WHAT TRUMP NEEDS TO LEARN ABOUT MEXICO
Seldom has any U.S. election been characterized by so much badmouthing of a friend, ally, and economic partner like Donald Trump’s bashing of Mexico. Our southern neighbors are aghast at the deplorable electoral bombast besmirching their migrants as rapists and criminals and calling for deportations, border walls, revocation of trade pacts, and other threats so inimical that the peso has fluctuated with Trump’s standing in the polls.
It’s likely that most Americans are unaware of the enormous network of collaboration between over one hundred U.S. and Mexican agencies that promote security, protect consumers, combat crime, and help grow both economies. Any extreme measures against Mexico would likely threaten that network, provoke retaliation, and imperil policies and accords that are critical to U.S. interests.
Potentially the worst catastrophe would be a cross-border trade war. Mexico is the second most important export market for the U.S. with hundreds of billions of dollars in trade and investment, supporting six million jobs in the north. Over 55 thousand U.S. companies post sales in Mexico and another 18 thousand operate in Mexico. In 2015, Mexico was the number one destination for exports from California, Texas, Arizona, and New Mexico and the second or third most important for 30 of the 50 states. Mexico is even more dependent on the U.S. market that absorbs close to 80 percent of its exports.
The repercussions of disrupting this monumental trade would create economic turmoil with millions of job losses on both sides of the border. Massive unemployment could push thousands of poor Mexicans to seek relief in migration. Immigration authorities claim that since 2015 border apprehensions of Mexicans are at historic lows and more Mexicans have been returning home than arriving. Much of the return flow is due to improvements in Mexican prosperity. Investments in Mexican economic development are the single best policy to reduce out-migration. Trade disruptions would have the opposite effect.
Declining Mexican migration is offset by a half-million Central American migrants yearly, crossing into Mexico from Guatemala, boarding north-bound trains, or paying coyotes to traffic them into the U.S. When that migration reached crisis proportions in 2015, the Mexican government acted helpfully to stem the flow, sending several hundred more migration agents to its southern border and increasing interdictions significantly. Any Mexican relaxation of controls on its southern frontier would exacerbate Central American pressure on the U.S. border
Mexico tolerates the presence of astonishing numbers of U.S. personnel within its territory. They cooperate with their Mexican counterparts on law enforcement, money laundering, weapons interdiction, counter-terrorism, intellectual property rights, and control and prevention of illnesses. The U.S. Drug Enforcement Agency (DEA) manages scores of special agents operating out of offices in a dozen Mexican cities. U.S. intelligence provides communications interceptions and investigations (not welcomed by many Mexican nationalists) to identify fugitives from justice or criminals wanted in U.S. courts. American law enforcement operations would be impossible without the support of the Mexican judiciary, police, and military that provide the search warrants, lead the operations, carry out the arrests, and process the several hundred extraditions of the last decade. Additionally, the largest bilateral collaboration against criminals anywhere in the world is the 2008 Merida Initiative designed to interdict narcotics production and trafficking and improve the Mexican judicial system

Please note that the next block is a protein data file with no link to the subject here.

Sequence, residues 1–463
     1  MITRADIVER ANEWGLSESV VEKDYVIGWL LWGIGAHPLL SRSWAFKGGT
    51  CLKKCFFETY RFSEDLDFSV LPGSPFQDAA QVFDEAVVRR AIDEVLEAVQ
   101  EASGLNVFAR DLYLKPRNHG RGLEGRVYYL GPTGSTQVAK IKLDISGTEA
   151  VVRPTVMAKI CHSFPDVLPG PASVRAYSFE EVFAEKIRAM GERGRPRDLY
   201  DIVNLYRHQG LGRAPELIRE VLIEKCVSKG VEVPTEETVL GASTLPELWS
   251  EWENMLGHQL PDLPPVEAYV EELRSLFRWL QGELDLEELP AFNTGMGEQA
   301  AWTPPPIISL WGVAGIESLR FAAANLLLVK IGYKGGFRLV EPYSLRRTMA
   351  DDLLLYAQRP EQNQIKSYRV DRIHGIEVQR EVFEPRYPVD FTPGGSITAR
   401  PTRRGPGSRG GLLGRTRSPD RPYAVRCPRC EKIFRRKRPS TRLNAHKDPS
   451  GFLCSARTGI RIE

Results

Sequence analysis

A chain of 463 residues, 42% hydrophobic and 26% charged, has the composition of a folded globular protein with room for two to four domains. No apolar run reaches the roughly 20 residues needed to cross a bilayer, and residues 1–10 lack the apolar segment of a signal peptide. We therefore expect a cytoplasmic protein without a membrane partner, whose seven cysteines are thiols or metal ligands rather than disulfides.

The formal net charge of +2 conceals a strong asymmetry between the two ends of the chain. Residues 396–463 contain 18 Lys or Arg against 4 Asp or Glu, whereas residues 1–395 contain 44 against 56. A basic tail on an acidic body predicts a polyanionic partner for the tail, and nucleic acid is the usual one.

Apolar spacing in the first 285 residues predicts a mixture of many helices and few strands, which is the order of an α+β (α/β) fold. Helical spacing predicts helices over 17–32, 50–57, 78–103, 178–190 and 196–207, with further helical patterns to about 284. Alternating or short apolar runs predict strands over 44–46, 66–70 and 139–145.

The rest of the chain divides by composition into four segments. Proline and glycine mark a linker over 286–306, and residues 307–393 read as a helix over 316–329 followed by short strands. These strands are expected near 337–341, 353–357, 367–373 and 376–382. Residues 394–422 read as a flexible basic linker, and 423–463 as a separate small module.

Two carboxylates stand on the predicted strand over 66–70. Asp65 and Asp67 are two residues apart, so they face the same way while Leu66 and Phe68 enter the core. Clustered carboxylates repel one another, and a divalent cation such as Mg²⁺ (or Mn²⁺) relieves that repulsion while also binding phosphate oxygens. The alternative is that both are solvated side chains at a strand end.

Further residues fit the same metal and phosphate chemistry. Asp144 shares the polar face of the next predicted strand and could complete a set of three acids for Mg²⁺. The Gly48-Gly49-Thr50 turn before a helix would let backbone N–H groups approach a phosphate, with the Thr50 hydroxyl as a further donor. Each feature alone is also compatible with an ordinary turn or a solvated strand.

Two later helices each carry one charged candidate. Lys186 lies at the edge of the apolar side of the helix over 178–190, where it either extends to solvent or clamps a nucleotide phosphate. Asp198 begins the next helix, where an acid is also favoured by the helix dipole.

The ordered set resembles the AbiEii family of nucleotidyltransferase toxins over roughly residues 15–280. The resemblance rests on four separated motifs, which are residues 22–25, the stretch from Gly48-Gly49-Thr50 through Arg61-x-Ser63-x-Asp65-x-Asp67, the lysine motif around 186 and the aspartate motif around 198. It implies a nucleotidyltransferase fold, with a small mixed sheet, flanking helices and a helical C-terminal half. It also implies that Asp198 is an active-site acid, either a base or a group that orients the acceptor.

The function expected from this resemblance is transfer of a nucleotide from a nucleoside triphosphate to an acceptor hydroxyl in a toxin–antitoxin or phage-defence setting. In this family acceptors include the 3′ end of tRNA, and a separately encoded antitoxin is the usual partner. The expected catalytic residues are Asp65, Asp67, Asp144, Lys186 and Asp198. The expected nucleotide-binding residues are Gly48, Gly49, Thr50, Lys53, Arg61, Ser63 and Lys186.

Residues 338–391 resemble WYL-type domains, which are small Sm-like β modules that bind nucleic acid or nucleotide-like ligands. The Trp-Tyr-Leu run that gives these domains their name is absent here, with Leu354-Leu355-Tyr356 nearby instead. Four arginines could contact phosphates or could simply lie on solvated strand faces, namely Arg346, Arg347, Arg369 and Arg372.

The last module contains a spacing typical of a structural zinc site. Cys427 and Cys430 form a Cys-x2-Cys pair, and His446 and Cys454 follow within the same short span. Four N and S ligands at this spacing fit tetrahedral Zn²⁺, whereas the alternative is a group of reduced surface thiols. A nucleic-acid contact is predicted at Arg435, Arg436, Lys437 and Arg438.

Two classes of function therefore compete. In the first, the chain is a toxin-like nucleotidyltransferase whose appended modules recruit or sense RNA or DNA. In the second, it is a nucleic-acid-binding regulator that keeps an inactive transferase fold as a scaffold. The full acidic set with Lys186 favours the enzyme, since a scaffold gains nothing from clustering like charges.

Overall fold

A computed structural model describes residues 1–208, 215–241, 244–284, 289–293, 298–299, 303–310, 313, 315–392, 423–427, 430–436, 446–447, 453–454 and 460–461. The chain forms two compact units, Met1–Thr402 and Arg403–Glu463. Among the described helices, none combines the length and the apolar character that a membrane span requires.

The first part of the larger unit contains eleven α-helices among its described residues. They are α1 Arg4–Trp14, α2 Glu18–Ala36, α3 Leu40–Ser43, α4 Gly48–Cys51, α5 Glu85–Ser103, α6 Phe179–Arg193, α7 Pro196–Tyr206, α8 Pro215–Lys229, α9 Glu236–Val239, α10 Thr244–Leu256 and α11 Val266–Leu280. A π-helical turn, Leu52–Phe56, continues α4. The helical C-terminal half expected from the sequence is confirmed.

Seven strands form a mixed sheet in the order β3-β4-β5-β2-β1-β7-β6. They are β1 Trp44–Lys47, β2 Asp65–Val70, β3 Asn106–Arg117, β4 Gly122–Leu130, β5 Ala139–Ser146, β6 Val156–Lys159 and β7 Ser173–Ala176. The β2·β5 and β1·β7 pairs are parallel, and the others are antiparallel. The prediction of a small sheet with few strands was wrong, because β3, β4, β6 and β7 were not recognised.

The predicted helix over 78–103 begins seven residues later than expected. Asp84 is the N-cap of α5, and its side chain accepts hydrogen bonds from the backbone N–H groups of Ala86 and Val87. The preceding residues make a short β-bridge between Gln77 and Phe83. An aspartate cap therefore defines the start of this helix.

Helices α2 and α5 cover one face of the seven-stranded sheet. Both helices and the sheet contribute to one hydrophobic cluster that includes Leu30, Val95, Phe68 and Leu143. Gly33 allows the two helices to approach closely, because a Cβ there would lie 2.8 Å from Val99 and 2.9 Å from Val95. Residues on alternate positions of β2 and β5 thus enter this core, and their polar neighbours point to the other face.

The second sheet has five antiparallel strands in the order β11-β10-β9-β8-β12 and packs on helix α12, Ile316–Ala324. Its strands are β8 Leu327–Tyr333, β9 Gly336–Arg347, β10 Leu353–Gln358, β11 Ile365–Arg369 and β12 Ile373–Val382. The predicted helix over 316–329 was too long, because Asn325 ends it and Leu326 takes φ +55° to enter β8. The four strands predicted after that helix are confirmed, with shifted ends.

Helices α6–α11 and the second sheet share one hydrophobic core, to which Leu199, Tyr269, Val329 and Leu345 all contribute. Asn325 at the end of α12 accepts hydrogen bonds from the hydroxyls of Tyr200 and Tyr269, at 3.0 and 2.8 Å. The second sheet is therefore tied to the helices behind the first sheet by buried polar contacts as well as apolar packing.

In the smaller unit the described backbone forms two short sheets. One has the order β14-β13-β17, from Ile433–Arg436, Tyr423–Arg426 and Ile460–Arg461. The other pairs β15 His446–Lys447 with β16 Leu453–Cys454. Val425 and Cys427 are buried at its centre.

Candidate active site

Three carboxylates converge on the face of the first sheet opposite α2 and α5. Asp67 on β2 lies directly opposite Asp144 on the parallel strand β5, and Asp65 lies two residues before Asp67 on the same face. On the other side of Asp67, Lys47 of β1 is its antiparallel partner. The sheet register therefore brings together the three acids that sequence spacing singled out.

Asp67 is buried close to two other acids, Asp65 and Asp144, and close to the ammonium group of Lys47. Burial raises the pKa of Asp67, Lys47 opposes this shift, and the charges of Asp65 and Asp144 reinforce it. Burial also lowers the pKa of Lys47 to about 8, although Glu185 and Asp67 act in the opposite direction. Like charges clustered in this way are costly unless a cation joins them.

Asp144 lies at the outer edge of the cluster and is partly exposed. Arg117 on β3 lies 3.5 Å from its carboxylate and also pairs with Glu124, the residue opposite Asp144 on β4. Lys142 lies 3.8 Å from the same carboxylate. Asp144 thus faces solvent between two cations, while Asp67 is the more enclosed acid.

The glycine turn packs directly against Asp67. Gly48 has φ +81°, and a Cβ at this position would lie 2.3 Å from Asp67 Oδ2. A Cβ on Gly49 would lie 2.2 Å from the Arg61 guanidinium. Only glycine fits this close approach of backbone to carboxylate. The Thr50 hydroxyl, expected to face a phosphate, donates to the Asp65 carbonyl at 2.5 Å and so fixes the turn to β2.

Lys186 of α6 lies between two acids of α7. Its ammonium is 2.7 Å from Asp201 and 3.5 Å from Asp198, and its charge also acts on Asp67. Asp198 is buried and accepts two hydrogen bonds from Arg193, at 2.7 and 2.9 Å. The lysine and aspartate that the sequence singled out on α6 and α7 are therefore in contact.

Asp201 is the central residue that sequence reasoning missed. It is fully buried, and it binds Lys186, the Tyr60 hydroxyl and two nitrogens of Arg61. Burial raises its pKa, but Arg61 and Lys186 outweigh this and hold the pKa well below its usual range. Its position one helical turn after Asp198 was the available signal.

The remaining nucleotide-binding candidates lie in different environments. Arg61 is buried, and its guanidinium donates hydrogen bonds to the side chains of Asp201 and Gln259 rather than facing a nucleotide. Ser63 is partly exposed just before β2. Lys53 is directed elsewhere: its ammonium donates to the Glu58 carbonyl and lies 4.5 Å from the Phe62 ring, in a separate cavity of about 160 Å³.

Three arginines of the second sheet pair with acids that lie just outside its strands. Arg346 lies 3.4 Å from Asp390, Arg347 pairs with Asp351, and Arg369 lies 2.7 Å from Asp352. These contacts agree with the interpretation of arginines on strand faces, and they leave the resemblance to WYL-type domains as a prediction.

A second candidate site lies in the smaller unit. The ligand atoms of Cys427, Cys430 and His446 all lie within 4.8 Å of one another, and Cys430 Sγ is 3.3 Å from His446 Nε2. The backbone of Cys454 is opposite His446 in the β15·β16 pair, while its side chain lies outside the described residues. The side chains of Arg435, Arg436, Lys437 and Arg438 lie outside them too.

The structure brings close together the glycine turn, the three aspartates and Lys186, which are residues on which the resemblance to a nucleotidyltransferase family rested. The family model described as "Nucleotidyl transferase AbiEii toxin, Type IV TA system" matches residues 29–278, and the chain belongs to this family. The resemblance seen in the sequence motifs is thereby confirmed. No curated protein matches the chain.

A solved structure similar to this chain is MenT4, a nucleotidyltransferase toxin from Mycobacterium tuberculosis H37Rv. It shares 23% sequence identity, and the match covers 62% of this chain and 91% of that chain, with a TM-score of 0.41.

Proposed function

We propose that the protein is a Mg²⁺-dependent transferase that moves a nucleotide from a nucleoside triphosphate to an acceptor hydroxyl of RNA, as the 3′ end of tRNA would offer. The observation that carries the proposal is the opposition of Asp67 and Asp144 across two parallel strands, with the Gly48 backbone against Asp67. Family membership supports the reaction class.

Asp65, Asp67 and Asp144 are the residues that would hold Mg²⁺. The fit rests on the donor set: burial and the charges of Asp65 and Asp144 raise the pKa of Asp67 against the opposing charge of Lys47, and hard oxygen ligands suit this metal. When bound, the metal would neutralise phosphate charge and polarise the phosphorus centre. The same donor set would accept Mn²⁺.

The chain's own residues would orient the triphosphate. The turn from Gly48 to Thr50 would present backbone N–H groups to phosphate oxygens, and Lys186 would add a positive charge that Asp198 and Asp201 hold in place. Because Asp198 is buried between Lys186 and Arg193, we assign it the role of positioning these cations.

Although there are no known terrorist groups operating in Mexico, Homeland Security and the Pentagon keep a watchful eye on potential threats. Dozens of agencies of both countries coordinate supervision of bilateral security concerns to a degree unparalleled in diplomatic practice. How would it serve U.S. security to have Mexican officials angry, resentful, and uncooperative?
U.S. consumers also benefit from operations of the Department of Agriculture and the Food and Drug Administration (FDA) promoting compliance on both sides of the border with regulations to protect against pathogens that might spread from massive food-related commerce. The Mexican government certifies labs for testing and inspection of products and it permits the FDA to operate mobile labs in critical export areas inside its borders. Other agencies cooperate in controlling the spread of exotic pests and preventing the spread of illnesses like influenza that have no borders.
The degree of cooperation between these two allies is unprecedented in diplomatic relations. While the mechanisms of this extraordinary partnership have been largely institutionalized, the fabric of such solidarity could unravel precipitately with an antagonistic administration in either country.
When the current commotion subsides, as it is likely to, it would behoove us to remember, if you would have a good neighbor you have to be one.